First, we need to tag each report with the error described in it. This can be done either with supervised or unsupervised ML.

In supervised ML, you first manually tag a large enough number of documents and then train the system to guess the error from the description. In case the error is described with a code, this part is trivial. If the description is a free text listing symptoms, it is more complicated. If the number of possible errors is high and symptoms vary a lot, unsupervised learning might be the better choice. The system will group the descriptions by similarity of symptoms. Afterwards you manually tag each group with the corresponding error. The drawback is that you might not get one group per error. There might be cases where the system can only limit the number of possible errors, but not provide a clear decision.

Now the system can tell what issue the document is about. Thus, you can monitor how often which issue occurs. Here are some examples for the advantages you get from this:

  • You can find the weaknesses of a product by looking at its most common errors.
  • You know there is an issue with a new update or a special product batch if numbers rise right after the release.
  • You can optimize your training programs to focus on the common issues.

 

Example 2: Suggesting Solutions

Guessing the error was only step one. Step two is to train the system not only to recognize the error, but also to suggest a solution. Take the repair protocols for an error and train the system to detect similar procedures. (If you have information on whether the solution worked, use only the successful procedures.) For each group you write an instruction. You can do this either manually, especially for common or high impact issues, or use a text generation algorithm to create an instruction based on the repair description you already have.

The system can now suggest the most common solution to an error (and if you want, also the second most common in case the first one did not work or is not applicable for some reason). It can tell the error from the description. This makes the investigation process much more efficient. And as a bonus, your technicians do not need to write the repair protocols any longer as the system can pre-fill them in most cases.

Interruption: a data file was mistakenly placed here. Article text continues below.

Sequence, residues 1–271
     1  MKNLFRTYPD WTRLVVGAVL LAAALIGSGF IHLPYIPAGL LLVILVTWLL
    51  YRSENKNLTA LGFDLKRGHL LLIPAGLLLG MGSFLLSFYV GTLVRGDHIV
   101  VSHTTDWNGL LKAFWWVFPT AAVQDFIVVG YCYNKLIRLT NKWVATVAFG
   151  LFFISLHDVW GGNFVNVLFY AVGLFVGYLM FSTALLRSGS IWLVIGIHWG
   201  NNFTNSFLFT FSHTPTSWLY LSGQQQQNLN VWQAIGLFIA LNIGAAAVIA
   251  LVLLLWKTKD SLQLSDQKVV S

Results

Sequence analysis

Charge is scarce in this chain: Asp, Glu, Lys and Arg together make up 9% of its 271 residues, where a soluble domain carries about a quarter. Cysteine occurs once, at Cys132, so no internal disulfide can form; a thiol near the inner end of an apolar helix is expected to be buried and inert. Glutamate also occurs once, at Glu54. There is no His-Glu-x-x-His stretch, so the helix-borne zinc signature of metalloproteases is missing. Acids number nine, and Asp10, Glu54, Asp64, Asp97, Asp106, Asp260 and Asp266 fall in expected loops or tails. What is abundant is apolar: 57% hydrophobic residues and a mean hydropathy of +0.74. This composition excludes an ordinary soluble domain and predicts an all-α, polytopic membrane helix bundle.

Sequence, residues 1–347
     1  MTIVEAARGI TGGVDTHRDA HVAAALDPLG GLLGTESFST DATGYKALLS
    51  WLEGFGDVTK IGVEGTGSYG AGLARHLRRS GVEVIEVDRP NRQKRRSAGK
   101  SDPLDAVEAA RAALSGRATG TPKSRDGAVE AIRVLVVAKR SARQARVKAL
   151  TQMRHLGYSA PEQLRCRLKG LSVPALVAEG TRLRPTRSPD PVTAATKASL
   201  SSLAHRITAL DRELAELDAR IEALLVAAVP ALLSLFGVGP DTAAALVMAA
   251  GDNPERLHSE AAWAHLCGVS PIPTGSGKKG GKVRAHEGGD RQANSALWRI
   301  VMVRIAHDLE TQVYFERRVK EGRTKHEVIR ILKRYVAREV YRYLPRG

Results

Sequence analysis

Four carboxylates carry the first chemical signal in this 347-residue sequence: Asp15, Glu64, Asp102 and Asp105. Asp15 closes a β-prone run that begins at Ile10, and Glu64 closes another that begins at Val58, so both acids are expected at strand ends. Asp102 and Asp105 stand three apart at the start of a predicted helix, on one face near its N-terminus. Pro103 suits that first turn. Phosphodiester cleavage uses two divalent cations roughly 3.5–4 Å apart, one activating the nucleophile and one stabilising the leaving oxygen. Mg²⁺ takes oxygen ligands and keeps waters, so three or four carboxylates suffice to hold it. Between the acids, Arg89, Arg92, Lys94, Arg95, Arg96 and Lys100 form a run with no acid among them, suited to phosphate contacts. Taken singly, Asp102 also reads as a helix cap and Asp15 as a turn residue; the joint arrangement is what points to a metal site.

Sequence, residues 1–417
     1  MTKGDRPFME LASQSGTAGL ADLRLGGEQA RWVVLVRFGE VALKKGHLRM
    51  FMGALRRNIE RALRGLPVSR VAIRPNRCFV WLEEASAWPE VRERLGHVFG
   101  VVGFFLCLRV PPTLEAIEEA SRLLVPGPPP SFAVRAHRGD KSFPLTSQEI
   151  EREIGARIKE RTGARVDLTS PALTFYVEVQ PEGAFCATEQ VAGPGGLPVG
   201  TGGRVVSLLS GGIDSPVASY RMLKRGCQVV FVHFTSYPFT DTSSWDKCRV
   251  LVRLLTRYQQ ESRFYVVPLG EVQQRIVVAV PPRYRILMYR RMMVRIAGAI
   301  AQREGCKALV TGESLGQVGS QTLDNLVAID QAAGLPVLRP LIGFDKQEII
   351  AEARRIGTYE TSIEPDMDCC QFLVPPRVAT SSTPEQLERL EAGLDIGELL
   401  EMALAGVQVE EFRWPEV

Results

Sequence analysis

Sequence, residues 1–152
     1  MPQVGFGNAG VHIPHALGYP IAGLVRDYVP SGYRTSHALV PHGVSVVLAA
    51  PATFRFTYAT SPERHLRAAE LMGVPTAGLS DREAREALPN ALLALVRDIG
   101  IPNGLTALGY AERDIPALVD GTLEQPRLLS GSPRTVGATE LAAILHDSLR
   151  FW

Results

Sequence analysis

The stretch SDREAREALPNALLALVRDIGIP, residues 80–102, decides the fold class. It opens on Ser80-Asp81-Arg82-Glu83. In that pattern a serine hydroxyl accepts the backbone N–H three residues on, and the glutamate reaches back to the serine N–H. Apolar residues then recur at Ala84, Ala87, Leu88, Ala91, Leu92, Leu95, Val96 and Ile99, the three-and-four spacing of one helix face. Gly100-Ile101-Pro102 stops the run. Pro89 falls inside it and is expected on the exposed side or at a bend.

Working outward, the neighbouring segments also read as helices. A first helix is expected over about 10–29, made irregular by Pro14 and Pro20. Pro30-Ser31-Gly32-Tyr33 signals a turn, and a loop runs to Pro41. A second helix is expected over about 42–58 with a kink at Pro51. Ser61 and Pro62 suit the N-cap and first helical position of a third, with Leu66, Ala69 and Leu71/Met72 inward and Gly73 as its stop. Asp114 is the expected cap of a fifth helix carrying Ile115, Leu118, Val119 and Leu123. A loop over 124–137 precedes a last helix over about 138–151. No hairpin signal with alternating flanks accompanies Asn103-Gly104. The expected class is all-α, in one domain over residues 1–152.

How well a system like this works depends on several factors. Most important are the number of available documents, the number of errors and the variety among the solution descriptions. The more documents per error and the less variety, the better the system will perform. Even with a great AI model, you should not blindly trust the suggestions. But having them definitely is of big advantage.

 

Example 3: Efficient Search

The next level is having the information in some sort of central system like a wiki, SharePoint or a knowledge module of a ticketing system. In that system you most likely have some search implemented to allow users to quickly find what they need. Search engines are very sophisticated these days and sometimes even employ AI technologies for various purposes like ranking or spellchecks. Especially a good result ranking is important for search. If the result you are looking for is on position 24 on the result list there is only a minor difference to not being included at all.

The number of times your terms are used in a document does not necessarily determine its usefulness in your situation nor does its click rate. What you need are the pages most used in your case. While ranking results, the search engine should consider which pages users with a similar interest read, which results they skipped or closed after a short look, and which document they finally used. Web analytics and user tracking can provide such data.

To find out which users are looking for the same information, several techniques can be used. Comparing the search terms is straight forward, but might suffer from use of synonyms, different languages, or even misuse of terms. Defining and training intents is an alternative. The technique is primarily used in chatbots to extract the information need from free text input. But as the use case is similar in search it can easily be transferred. Collect search queries that aim for the same information, use them to train the system on recognizing the intent and then let the search check if a new query matches one of the intents. If so, rank results usually used by users with this intent higher.